Saturday Night Live's 1976-77 season proved that the show was a lot more than a star vehicle for Chevy Chase; it proved for the first time (and certainly not the last) that it could not only survive change, but thrive on it; and—with the addition of Bill Murray—it proved that new people could bring just as much to the cast as those who'd left. The second season of Saturday Night Live may not have as many memorable sketches as the groundbreaking first year or the more polished seasons that followed, but as an early example of the series' ability to weather change, it gave Lorne Michael's thirty-year-plus experiment a template for success.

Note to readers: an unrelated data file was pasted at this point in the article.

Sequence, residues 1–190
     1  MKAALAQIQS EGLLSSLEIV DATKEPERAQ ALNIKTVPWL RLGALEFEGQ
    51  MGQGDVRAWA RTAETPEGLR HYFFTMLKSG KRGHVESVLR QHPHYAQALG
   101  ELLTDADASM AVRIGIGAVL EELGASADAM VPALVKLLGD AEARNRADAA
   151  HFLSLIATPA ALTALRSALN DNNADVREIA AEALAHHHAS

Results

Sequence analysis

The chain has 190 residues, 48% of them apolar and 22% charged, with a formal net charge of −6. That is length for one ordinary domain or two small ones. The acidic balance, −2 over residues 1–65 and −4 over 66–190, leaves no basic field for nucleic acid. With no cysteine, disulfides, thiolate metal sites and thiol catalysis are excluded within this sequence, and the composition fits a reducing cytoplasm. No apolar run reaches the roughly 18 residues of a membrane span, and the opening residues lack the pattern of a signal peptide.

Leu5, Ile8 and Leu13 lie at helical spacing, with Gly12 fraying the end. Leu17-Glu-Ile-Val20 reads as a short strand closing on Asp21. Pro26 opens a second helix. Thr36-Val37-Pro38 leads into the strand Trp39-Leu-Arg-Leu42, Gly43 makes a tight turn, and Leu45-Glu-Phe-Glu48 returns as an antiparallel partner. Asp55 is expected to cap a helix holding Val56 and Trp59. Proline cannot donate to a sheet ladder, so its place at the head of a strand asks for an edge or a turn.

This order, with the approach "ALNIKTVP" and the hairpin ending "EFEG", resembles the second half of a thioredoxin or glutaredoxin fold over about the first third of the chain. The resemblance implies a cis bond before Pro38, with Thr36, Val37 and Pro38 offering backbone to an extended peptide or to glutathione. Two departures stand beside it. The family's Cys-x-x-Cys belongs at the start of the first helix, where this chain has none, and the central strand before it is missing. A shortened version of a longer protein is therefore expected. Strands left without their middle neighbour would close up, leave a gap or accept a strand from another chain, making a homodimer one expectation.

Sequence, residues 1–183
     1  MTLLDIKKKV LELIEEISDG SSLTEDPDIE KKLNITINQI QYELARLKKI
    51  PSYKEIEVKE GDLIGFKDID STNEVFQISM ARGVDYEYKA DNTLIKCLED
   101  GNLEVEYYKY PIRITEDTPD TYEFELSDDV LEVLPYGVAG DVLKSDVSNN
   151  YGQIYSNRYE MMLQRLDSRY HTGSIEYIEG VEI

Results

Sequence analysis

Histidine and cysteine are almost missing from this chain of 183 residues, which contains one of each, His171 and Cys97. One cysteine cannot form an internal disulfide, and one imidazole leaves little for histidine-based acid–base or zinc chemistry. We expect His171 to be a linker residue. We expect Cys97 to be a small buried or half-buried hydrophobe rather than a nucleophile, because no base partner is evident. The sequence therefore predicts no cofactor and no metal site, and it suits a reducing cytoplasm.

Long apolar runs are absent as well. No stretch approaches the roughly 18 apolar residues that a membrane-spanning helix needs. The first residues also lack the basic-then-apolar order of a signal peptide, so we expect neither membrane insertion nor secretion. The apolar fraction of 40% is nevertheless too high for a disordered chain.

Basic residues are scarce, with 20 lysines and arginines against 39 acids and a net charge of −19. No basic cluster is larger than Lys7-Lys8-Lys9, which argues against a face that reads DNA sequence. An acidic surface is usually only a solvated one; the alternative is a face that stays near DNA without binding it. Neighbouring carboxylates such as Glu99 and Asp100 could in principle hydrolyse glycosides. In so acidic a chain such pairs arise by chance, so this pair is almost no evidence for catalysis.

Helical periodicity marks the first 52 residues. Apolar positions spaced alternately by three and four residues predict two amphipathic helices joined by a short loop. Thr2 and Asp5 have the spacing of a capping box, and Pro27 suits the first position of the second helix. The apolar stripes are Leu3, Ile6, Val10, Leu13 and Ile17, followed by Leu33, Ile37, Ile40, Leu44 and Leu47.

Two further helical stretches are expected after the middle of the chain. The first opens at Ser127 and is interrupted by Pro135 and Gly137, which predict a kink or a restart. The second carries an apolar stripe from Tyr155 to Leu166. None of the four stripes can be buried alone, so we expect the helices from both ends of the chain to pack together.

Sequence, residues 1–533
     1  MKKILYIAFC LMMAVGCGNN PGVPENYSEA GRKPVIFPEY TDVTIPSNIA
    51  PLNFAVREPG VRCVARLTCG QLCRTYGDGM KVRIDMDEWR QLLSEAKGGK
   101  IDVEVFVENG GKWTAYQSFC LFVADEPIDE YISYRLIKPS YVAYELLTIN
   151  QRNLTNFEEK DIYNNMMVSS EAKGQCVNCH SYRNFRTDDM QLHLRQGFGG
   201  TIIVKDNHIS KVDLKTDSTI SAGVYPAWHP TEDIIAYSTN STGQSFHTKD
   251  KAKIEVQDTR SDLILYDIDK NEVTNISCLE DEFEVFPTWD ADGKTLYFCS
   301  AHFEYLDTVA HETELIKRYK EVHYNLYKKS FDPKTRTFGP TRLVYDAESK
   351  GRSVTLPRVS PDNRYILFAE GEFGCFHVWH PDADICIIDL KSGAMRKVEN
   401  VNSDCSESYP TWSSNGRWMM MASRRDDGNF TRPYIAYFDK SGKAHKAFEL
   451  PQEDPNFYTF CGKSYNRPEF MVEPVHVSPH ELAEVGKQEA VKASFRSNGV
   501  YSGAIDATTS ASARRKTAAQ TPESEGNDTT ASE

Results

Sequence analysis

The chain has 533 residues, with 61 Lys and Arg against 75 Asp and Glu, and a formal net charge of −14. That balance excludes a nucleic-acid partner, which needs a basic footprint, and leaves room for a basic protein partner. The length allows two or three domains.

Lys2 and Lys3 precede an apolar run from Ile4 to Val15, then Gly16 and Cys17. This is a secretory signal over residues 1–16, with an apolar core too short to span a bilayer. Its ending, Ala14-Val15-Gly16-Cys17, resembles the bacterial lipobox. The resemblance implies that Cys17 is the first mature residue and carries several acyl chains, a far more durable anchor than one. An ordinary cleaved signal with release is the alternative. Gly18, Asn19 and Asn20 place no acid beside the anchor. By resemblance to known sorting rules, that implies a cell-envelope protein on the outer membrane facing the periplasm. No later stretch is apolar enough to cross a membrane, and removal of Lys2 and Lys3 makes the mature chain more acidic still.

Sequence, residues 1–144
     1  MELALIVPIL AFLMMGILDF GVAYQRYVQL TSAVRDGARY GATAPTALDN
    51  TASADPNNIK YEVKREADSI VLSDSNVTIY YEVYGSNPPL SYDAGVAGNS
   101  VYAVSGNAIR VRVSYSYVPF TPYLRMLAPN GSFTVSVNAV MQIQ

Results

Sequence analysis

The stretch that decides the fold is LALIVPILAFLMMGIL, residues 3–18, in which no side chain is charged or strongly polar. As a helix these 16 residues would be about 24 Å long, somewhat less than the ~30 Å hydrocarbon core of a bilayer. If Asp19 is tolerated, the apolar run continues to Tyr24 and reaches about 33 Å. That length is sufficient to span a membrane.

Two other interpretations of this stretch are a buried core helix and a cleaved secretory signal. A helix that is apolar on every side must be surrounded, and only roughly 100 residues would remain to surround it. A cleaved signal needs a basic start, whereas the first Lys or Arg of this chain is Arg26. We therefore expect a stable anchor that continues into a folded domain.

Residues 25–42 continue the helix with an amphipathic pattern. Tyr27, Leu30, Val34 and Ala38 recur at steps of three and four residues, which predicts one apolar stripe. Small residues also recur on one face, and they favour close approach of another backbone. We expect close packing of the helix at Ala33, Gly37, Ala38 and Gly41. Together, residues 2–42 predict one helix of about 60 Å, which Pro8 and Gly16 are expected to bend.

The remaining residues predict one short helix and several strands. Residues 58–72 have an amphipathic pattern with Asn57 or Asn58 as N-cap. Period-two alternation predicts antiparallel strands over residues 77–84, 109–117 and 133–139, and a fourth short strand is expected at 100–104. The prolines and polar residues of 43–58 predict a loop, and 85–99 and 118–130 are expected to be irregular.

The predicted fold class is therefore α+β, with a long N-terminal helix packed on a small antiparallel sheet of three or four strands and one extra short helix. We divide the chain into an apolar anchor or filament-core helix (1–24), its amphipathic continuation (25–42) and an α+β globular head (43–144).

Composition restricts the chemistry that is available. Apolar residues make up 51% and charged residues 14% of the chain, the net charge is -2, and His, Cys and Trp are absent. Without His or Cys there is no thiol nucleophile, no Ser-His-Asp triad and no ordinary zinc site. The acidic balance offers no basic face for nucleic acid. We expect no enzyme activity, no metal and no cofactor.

Not Quilty? How could anyone be declared "Not Quilty?" I can't think of a single person I've ever met who was stuffed and stitched and squishy! It's ridiculous! It's outrageous! It's…! What's that? You say it's "Not Guilty"? Oooooh. That makes much more sense…
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Scales of Justice
• SNL Mardi Gras Special